By Douglas McKnight, CapStruc Advisors, LLC
We’ve all seen them. The vacant gas station. The half-empty shopping center. The office building with weeds growing in the parking lot.
What if you could transform these properties into viable commercial businesses? What if you could stuff them with flourishing tenants? What if you could know ahead of time exactly how profitable an investment in these properties could be?
Welcome to the world of psychographics.
You’re probably aware that businesses are constantly gathering information about their customers. What you might not know is that some of the buyers of this information have no interest in directly soliciting the businesses’ customers. Instead, they remove the names and other directly identifying elements and add the rest of the information to a database. This process yields a very detailed profile of the customers. It provides a complete picture of the personality, values, opinions, attitudes, interests, and lifestyles of an area’s residents.
Armed with this information, we can determine how much a customer spends on any particular good or service every year. When this is paired with geolocation data, we can discover how much is spent within various drive times of any particular location. When this amount is divided by sales per square foot, we discover the demand for any particular product in terms of square feet of building area.
The next question is how much space is already serving these customers. This involves searching for facilities that offer competing products and products that can be used as substitutes. Subtracting the existing building area of these properties from the total demand for space gives us the amount of unsatisfied demand. These consumers often have to travel outside of the trade area in order to make their purchases. They will be immediately interested in any opportunity to make these purchases closer to home.
Furthermore, the new space can be specifically designed to cater to the desires of specific customers. The generations X urban consumers are interested in different products than the cozy country living customers, even though both might have similar demographics. The redevelopment or renovation of a property can be targeted to the predominate lifestyle in the area.
We used this process to evaluate the excess land of a steel company in South Coatesville, Pa. The analysis indicated that there was a severe shortage of supermarket space. The closest supermarket was two municipalities away in Thorndale. We also found less severe shortages of various other retail uses. We suggested a neighborhood shopping center anchored by a supermarket, with specific building areas for specific uses making up the remaining space in the center. The county subsequently developed the property as an emergency services training center, but their rent was based on the property’s highest and best use of optimized retail development.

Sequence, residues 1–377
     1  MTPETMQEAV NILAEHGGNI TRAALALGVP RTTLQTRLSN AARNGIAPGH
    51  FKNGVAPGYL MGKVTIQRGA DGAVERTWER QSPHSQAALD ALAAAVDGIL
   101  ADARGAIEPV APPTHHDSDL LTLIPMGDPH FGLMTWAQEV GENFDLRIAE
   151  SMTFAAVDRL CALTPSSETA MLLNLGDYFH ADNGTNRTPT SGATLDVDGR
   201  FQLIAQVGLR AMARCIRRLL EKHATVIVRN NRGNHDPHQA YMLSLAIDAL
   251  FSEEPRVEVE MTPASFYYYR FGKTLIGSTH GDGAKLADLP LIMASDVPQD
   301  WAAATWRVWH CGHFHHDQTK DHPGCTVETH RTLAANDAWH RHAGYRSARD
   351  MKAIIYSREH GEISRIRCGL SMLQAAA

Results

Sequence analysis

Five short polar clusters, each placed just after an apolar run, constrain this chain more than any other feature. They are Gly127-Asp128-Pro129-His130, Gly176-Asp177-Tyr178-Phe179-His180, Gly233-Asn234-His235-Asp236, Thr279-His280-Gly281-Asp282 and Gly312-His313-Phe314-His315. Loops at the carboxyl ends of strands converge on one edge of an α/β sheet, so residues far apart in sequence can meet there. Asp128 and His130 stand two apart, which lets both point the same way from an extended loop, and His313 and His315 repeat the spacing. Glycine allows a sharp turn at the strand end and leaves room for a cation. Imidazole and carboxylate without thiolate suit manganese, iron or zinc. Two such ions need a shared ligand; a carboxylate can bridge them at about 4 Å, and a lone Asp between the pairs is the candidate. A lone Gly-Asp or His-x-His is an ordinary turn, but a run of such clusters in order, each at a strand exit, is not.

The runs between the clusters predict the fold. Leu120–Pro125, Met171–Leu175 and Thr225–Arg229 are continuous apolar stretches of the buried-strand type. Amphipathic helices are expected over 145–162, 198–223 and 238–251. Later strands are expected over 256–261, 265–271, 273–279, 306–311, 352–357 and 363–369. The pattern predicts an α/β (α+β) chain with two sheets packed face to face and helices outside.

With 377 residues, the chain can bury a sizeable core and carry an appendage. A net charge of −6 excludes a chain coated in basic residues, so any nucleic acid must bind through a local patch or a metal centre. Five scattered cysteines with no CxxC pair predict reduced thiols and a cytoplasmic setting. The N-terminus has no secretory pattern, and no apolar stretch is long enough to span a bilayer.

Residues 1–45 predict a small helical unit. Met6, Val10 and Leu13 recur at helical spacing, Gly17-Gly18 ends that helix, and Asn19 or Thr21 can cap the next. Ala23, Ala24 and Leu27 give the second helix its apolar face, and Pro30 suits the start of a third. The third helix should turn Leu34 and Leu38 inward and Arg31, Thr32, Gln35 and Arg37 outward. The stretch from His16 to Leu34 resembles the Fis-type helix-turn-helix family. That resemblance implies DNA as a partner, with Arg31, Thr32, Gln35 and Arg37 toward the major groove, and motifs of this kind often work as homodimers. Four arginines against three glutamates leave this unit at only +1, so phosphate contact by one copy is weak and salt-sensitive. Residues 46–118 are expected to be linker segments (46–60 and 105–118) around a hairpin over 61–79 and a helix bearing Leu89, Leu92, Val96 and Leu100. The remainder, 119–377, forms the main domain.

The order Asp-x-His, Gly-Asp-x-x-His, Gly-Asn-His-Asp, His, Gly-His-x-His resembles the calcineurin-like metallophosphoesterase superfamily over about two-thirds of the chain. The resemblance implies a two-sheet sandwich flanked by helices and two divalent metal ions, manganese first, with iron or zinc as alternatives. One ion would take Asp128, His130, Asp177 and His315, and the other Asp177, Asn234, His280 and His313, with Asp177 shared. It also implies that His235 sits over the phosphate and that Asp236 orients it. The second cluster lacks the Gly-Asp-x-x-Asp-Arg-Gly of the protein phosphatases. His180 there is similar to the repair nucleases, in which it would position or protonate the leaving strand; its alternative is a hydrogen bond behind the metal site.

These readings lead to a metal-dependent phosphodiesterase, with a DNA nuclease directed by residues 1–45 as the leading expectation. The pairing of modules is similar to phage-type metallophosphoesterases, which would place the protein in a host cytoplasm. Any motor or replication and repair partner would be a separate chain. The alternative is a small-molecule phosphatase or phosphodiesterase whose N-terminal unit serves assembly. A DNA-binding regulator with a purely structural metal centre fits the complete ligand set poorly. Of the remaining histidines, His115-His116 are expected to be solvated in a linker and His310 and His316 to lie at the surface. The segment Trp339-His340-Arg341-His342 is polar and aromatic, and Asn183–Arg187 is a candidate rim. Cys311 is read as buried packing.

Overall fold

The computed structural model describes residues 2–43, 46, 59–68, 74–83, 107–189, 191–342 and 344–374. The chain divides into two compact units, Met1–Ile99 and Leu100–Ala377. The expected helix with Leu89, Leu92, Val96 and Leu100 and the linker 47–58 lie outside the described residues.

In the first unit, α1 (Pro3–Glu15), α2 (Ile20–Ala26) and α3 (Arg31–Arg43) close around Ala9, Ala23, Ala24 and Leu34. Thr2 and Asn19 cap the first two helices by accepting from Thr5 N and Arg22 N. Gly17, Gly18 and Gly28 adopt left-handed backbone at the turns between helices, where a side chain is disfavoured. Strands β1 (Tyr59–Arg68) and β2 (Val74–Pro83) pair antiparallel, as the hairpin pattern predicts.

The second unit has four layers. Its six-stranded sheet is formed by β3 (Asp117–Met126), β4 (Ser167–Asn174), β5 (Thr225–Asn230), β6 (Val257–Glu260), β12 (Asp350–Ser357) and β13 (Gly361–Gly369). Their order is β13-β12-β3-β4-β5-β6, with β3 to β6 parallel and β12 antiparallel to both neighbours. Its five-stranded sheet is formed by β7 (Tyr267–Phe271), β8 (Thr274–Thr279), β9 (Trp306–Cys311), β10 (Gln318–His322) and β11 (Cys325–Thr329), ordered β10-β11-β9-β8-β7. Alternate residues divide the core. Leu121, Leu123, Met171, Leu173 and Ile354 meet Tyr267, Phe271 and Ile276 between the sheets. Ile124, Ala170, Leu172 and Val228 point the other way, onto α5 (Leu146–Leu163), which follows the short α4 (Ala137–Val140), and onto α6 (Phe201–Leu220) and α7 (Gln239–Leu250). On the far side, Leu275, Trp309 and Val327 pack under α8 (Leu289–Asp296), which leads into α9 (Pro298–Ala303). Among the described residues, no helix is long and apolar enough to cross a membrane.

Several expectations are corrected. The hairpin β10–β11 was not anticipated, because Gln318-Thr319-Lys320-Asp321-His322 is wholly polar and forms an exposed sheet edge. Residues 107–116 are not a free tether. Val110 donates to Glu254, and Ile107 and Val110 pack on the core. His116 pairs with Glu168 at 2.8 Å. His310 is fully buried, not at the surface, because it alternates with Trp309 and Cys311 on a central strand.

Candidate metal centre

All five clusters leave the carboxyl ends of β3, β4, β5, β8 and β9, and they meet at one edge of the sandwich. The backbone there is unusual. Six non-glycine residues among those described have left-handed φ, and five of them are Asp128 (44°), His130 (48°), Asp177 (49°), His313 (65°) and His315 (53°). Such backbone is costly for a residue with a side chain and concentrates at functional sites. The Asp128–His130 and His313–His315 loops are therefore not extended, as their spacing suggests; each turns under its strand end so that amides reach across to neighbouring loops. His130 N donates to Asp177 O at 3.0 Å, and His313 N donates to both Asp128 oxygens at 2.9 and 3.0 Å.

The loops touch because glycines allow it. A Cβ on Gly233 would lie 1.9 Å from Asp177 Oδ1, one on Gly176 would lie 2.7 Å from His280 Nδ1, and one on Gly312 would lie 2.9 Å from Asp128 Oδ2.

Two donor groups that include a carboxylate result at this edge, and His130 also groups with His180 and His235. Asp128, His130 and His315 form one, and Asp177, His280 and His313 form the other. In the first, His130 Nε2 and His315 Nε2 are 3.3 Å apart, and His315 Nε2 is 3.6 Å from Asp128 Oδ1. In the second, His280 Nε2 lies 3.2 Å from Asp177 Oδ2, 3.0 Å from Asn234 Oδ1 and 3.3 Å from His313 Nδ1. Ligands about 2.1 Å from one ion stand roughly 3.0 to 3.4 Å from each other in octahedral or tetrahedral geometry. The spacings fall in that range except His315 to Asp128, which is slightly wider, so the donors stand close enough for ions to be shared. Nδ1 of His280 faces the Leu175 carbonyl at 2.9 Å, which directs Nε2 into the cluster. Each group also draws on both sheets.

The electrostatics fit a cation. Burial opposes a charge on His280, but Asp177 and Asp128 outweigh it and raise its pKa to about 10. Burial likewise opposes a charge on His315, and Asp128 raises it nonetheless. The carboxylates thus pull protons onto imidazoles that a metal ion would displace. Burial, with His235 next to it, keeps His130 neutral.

The process can be just as useful for existing buildings. A fitness center in Lancaster County, Pa. was in deep financial trouble and was considering bankruptcy. With the aid of a psychographic analysis, we were able to determine how many people participated in each fitness activity. The evaluation included 5-minute and 15-minute drive times. The results of this analysis are presented in table 1.
Table 1: Participants in Sports & Leisure Activities
This study revealed that the facility’s indoor pool was a major asset. It provided a solid basis for the YMCA to purchase the property and allowed the former property owner to avoid bankruptcy.
Although the employment of psychographics is most common for retail properties, other property types can also benefit. The owners of the U.S. Patent and Trademark office in Alexandria, Va. needed to replace a construction loan with a permanent one. A psychographic analysis revealed that Alexandria is one of the most popular locations for professional associations in the United States, second only to Chicago. Combining this with interviews with local office tenants, we were able to discover the demand for each type of office worker in this market.
The International Facilities Management Association publishes their Space and Project Management report every two years, which includes tables on office type by worker, office size by worker, and office size by industry. By integrating this data with the psychographic information, we were able to create an accurate estimate of current and near future demand for office space. This included, not just the amount of office space demanded, but also the specific type.
We have also successfully used psychographics in the analysis of multifamily and hotel properties.
Psychographic analysis is a powerful tool for the analysis of commercial real estate. It is a far more scientific method than the seat-of-the-pants method that developers and investors have used in the past, and that many still do. It can, and often does, make the difference between a booming investment and a flop.
Douglas McKnight is a commercial real estate appraiser and writer with over 26 years of experience appraising all types of commercial and industrial properties.
If you are involved with a property that you think might benefit from a psychographic analysis, please contact:
FOR MORE INFORMATION:
CapStruc Advisors LLC
Appraisal & Consulting: www.CapStruc.com
Professional Writing about Commercial Real Estate: CRE-Writer.com